Well, there have been public studies. Various national agencies have mounted studies. There are a couple of prospective studies on the books now. In fact, there's one in Canada. It's a forward-looking study--prospective, which is the best way to get information. The only thing is that it takes a long time to get the results, just as Dr. Sasco was saying, but that's really the best way to do it.
     The problem is to get funding for that sort of thing. I would say that in Canada we have a good prospect for that. There's an Ontario component, but there are components across the other provinces, which could include some sort of dosimetry with regard to RF exposure.
     These are possibilities, but the issue is funding for it.
    In the absence of these kinds of conclusions that I think will be coming along with the studies that are on the books now, I would still say that for the threshold for advancing and advocating changes like those that are being suggested by our colleagues in Europe, by the BioInitiative group, etc., I think it's premature, under the circumstances, to change policies with regard to Wi-Fi, for example, or cellphones. SC-6 stands, in my opinion.
Mr. Colin Carrie:
    You mentioned the BioInitiative again.
     Dr. Habash, you're nodding your head.
     Who wrote it? Were they all scientists? Where did the BioInitiative come from?
Dr. Riadh Habash:
    In fact, we have given a reply to the BioInitiative Report.
     Also, as was said here, thousands of papers were published during the past 40 or 50 years, the majority with negative results; there were a few studies with some positive results. It depends on the discipline.
    I see the BioInitiative as a collective, or a collection of opinions of a few scientists who really have concerns about this issue, but that doesn't reflect the general opinion. In fact, there are other groups, and there are other studies, other reviews, which see that there is not enough evidence. In the majority of areas, there are some concerns in some research areas. They ask or call for further research into those areas: as we say, the effects on brains, the reproductive outcomes, and the hyper-effects on children.
    But I would also like to comment on the electromagnetic hypersensitivity issues. This is a very serious issue, but we also have to understand that these are subjective symptoms. I will tell you a story from Malaysia. I witnessed the story. There was a concern from the public about radiation from a cellular station. Members of the public complained about many symptoms. In the end, it was clear that the cellular base station was not operational.
    So we have to take into consideration that it is not an issue of biological effects only; in fact, here we are talking about health effects. I will tell you for sure that an electromagnetic field is a force. And for every force, there is an effect. It is not necessarily so that every biological effect leads to a health effect.
    Again, here we have an issue of perception. This is an issue of risk: perception of risk and communication of risk. Sometimes we perceive the risk in a way, while other times we communicate the risk in a way. Many issues are involved and we shouldn't rely on a certain study, because that study has its own characteristics, its own environment, and its own objects. In fact, we have to evaluate the whole body of research in order to come to conclusions.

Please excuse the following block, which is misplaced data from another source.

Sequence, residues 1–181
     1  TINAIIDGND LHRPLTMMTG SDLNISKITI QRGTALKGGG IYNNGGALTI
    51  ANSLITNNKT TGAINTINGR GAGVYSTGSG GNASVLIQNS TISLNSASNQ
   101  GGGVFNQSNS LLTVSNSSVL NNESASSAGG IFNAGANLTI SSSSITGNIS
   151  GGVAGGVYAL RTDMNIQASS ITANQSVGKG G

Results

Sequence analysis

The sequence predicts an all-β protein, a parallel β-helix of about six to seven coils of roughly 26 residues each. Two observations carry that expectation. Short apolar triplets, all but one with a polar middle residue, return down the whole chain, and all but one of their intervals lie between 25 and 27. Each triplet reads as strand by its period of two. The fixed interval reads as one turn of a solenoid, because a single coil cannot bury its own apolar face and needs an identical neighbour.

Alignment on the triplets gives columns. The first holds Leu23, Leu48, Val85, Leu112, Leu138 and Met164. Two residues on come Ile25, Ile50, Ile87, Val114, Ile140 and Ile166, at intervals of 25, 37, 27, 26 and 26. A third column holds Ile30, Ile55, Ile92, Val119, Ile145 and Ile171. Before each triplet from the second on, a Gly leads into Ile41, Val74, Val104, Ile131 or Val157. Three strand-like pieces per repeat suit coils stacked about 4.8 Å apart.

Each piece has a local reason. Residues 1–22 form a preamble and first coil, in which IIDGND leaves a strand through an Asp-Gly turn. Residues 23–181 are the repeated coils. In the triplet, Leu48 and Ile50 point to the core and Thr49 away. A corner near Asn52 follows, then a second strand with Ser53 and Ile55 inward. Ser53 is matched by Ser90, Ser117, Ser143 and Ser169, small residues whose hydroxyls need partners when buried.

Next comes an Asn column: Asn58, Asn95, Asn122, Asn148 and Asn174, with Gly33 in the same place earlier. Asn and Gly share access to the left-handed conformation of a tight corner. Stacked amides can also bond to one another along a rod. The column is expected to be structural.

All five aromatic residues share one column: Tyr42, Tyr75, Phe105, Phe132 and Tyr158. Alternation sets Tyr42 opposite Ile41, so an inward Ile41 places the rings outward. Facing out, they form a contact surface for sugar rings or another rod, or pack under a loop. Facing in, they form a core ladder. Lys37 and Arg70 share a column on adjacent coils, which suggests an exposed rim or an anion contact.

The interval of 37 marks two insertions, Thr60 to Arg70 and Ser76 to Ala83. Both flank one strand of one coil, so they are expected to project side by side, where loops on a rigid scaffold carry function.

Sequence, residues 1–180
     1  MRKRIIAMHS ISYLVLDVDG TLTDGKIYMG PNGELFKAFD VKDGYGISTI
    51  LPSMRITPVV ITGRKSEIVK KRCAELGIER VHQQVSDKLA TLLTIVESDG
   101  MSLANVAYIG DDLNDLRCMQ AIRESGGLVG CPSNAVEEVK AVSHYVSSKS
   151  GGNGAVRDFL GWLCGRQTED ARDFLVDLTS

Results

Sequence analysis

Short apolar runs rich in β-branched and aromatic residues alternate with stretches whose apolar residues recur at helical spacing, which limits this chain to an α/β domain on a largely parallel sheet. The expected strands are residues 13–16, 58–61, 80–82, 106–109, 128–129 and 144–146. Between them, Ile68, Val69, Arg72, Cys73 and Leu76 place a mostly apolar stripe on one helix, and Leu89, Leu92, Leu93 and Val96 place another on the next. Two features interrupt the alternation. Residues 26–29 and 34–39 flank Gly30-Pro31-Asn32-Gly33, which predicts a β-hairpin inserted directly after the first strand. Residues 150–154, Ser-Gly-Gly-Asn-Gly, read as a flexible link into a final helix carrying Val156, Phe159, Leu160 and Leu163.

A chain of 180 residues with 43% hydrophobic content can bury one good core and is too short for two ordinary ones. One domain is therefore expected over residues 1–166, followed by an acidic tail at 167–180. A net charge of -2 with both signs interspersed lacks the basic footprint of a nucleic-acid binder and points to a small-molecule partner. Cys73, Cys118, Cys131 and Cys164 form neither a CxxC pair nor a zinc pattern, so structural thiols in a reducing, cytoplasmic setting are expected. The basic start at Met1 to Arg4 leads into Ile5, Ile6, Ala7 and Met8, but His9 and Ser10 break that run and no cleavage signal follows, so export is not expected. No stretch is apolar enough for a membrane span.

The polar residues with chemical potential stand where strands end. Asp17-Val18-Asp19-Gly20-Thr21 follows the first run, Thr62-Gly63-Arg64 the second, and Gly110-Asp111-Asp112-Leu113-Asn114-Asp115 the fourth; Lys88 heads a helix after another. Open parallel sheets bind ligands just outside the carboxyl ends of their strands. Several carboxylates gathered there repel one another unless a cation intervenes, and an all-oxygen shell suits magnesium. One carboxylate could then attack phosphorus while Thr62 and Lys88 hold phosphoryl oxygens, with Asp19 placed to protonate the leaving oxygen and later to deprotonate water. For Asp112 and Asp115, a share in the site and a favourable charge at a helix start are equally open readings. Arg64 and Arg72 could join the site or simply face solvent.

(1010)  

Mr. Colin Carrie:
    Doctor, as you were nodding your head there, I was just wondering if you know if there have been follow-ups on the BioInitiative Report.
Dr. Riadh Habash:
    Yes. In fact, this is the answer from the IEEE Committee on Man and Radiation.
Mr. Colin Carrie:
    Can you summarize it in two sentences?
Dr. Riadh Habash:
    I can give you the report.
Mr. Colin Carrie:
    You can give me the whole report?
    Dr. Riadh Habash: Yes.
    Mr. Colin Carrie: That's great. I appreciate it.
    Did you want to comment, too, Dr. Muc?
The Chair:
    Dr. Muc, would you like to make a quick comment?
Dr. Anthony Martin Muc:
    Yes, if I may. This committee is not a place to look at the technical issues that are associated with information like the example from our colleague from Greece.
    It has always been my opinion that there are difficulties in a lot of the in vitro studies that are done, because there is not enough consideration taken for the fact that the actual distribution of energy within the exposure chambers that are being used, be it for cellular or animal studies, or even the human measurements that have been done in the case of some of the military and industrial studies.... There has not been enough consideration given to the non-uniformities in distribution.
    But all of us are familiar with the use of a microwave oven, and we know that you have hot spots in a microwave oven. They all have turntables in order to average out the exposure situation. So when there is attributed a tenth of a microwatt per square centimetre to the average exposure level for a given sample, that does not necessarily reflect the individual sensitivity of individual elements within that sample, be that 10,000 cells or whatever.
The Chair:
    Thank you, Dr. Muc.
    We'll now go into our second round of questions and answers. It's down to a five-minute round.